by Roy Allison
Motorcycle dirt track racing has its origins in both Natal South Africa and USA during the early twenties. In America 28″ wheeled 1,000cc Indian and Harley Davidson machines were common on the board circuits, however the high fatality and injury rate brought a reduction in power along with the smaller dirt circuits, which in addition produced an art form that has remained, known as the pendulum swing (broad siding) a power slide to assist cornering it was credited to Malwyn Jones. Dirt track racing had spread to Australia and the first organised meeting was at a country show in West Maitland NSW where British roadster machines were numerous but to compete for racing they were stripped of all unnecessary roadster items. The meeting was a total success and other venues were soon made available for this new sport. Of the many various machines it was found the low horizontal twin cylinder Douglas was the most suitable. Prior to the 1920s the Douglas marque had considerable racing success from the Isle of Man TT and Brookland race circuit and the technology gained found its way into the motorcycle production. Unlike some factories, Douglas of Kingswood Bristol were quick to capitalise on this new dirt track phenomena, the DT5 and 6 machines were factory developed as production machines, suitable for dirt track racing, also other off road sporting disciplines. In Britain two attempts were made during 1927 to introduce dirt track racing, both at Camberley Heath and Manchester, history tells us, that at Camberley the second placed rider was Fay Taylor a lady who became well known for her riding skills with her DT5 Douglas. The recognised introduction of organised dirt track racing to Britain under ACU rules was at High Beech, Epping Forest on a sunny 19th February 1928. Australians and Americans arrived complete with the art of broadsiding; the riding discipline until then was with both feet on the footrests. Hundreds of people were expected but thousands arrived to witness the well publicised phenomena, the meeting lasted till sunset and it was Alf Metcalf riding a Douglas who won the first race of the day to endorse that a Douglas was the vogue machine to have. As in Australia the successful event rapidly produced cinder-racing tracks around Britain usually constructed around greyhound tracks or football pitches. Throughout 1928 racing rewards were for cash and individual trophies, one prominent Douglas rider was Lloyd (Sprouts) Elder from USA, who successfully demonstrated to great effect earning himself a lot of money, it was possible to earn £350 for a days work, however promoters did enjoy vast crowds to pay for those high riders fees. 1929 was the best sales year for Douglas DT models and Sprouts Elder was dedicated to Douglas with a stable of 10 machines, a mechanic and his own chemistry set for fuel development, he even found time to write a book “The Romance of Speedway” By 1929 many British riders had conquered the art of dirt track racing and it was renamed as Speedway. The great Jack Parker was just one of many Douglas riders and Fay Taylor was the leading lady rider, in addition the Douglas family brothers rode at the Knowle Bristol circuit, what better testimony to a family product could there be? Apart from Speedway the Douglas DTs were successful in grasstrack racing, hill climb and sprint. The DTs were selected for the venture into Argentina mainly because of the spectacular leg trailing style applied to the Douglas in producing a spray of shale from the back wheel; the aim was to impress the Latins and they did.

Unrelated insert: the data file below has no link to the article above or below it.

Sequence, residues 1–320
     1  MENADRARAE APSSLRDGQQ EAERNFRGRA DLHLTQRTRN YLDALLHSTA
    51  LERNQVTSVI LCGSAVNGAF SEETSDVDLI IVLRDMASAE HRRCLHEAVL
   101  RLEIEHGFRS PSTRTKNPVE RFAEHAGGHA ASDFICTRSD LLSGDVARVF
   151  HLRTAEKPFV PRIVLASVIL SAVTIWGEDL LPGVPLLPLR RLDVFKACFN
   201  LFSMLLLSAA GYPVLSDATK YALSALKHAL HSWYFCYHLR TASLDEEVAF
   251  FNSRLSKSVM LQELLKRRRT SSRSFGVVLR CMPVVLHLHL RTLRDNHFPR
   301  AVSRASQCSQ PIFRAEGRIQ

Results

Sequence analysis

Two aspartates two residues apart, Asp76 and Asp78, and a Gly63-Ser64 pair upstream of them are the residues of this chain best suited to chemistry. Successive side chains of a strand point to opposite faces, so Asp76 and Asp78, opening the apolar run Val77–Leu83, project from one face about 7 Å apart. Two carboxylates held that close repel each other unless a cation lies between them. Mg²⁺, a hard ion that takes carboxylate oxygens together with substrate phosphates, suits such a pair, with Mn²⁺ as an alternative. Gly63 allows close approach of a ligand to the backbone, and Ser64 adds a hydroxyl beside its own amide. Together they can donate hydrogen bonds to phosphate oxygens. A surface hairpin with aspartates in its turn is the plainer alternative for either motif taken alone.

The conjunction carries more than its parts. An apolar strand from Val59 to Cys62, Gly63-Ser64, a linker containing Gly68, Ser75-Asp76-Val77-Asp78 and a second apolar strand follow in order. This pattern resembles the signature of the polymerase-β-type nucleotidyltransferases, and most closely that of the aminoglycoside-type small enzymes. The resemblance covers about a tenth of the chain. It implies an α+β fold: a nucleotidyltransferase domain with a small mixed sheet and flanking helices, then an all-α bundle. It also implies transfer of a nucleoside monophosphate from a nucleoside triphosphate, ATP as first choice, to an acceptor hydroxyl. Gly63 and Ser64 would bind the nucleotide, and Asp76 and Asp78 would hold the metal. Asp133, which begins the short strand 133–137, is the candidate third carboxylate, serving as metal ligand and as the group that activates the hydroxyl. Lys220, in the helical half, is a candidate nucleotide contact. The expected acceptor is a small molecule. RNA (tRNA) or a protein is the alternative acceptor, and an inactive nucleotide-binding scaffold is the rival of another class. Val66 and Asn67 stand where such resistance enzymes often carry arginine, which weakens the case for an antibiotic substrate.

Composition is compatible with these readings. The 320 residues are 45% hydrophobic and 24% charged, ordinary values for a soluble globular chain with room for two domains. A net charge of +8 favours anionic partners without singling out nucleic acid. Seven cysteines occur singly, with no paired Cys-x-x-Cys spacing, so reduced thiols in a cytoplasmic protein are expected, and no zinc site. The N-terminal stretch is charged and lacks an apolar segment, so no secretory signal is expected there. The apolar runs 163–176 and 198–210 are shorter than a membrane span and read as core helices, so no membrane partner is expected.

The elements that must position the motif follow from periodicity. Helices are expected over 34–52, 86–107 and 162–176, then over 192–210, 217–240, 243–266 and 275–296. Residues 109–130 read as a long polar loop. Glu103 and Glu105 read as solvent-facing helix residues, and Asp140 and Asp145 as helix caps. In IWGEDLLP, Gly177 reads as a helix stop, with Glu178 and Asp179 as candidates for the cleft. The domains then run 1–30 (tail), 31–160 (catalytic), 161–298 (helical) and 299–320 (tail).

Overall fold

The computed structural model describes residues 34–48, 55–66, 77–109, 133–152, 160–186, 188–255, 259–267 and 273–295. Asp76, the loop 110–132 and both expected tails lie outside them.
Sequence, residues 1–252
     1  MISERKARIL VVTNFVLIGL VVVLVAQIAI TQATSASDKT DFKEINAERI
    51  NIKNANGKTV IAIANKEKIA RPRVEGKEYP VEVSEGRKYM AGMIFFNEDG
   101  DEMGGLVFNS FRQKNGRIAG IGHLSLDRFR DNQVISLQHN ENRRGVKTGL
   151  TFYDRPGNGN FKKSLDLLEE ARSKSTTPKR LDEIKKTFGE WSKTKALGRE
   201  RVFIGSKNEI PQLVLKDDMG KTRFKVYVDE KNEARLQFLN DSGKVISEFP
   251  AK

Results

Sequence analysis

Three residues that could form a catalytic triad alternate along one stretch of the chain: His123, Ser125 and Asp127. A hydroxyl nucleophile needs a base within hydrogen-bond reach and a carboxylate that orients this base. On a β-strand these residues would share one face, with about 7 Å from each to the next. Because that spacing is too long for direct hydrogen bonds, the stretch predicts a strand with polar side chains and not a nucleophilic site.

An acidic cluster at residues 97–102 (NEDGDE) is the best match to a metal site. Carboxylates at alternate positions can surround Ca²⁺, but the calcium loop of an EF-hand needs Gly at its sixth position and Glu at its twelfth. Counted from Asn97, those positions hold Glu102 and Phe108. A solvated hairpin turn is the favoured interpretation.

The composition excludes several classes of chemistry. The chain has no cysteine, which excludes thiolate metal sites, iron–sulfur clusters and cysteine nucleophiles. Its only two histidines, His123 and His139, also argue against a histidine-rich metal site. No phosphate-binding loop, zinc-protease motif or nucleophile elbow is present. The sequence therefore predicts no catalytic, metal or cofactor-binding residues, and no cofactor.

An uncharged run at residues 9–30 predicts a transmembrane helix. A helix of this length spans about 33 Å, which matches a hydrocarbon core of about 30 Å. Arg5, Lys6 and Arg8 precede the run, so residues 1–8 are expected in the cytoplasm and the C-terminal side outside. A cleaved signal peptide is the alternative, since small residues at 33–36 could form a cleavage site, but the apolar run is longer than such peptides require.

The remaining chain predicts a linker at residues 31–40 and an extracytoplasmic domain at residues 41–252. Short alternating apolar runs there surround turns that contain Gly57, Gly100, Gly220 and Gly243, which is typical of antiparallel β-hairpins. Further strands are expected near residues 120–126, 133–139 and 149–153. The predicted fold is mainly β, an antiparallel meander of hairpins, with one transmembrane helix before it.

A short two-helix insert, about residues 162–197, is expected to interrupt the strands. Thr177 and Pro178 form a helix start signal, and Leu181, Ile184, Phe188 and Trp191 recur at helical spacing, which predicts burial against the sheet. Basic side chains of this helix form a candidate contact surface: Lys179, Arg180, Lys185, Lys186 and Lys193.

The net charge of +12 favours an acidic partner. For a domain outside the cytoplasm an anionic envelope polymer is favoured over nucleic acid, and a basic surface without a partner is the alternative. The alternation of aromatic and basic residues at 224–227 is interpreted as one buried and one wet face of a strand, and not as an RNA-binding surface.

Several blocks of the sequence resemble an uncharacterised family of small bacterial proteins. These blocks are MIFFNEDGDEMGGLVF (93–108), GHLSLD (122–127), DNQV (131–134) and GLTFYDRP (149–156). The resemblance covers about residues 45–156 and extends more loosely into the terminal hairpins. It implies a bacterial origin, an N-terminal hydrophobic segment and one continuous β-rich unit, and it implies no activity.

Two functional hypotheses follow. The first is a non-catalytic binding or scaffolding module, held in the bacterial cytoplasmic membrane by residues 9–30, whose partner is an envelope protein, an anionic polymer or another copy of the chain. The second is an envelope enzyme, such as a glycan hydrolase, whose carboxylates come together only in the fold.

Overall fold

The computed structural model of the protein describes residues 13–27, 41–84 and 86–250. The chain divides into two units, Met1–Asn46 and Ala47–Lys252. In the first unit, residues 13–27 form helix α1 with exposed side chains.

Team racing began in 1929 with 11 teams in the league, later the National Speedway League was formed and grew to 4 divisional standards within the Britain. At that time Britain was the Mecca for motorcycle production, whilst other manufacturers were also developing their speedway machines to better the Douglas. It was the Coventry firm of Rudge with their 4 valve single cylinder 500cc DT that began to dislodge the Douglas dominance from 1930, being of shorter wheelbase and lighter meant a quicker turn when combining the foot forward racing style, also shale was introduced as opposed to cinders all made for faster racing although not so stylish. Douglas did try to reclaim its dominance with a revamped machine known as the Red Devil but the time was past although not forgotten Like the railways Britain exported Speedway across the world to become the recognised home of the sport. Similarly Rudge experienced a short honeymoon with Speedway giving away to JA Prestwich the London engine manufacturer with their engines built into various specialised lightweight frames and they lasted for decades. After World War 2 Speedway was the largest spectator sport in the country, Douglas Rudge and Scott were used in novelty races by the stars of the day simply to remind the public of speedway machines origins that made the sport so great. Later in the seventies it was taken more seriously by two enthusiasts and Vintage Speedway was born mainly with Douglas and Rudge machines, they competed around Britain with riders young and old. One such enthusiast was Douglas club member and ex-professional speedway rider Jim Gregory who rebuilt just about every machine that had been ridden in the sport. For many years an extremely popular promotion for all these machines has been the British Motorcycle Federation (BMF) two-day rally every May and September with a large feature of the rally being vintage Speedway and it still exists today. An extremely popular separate attraction was the “Men in Black” series during the 1990s to 2008 whereby 4 professional ex-riders toured Britain with speedway historic Douglas and Rudge machines, although unpaid this was vintage racing of the very best, it was only the age of the riders that eventually brought the series to a close. Here in 2012 we still see the Douglas DT5s competing in earnest at grasstrack, hillclimbs and the odd speedway outing.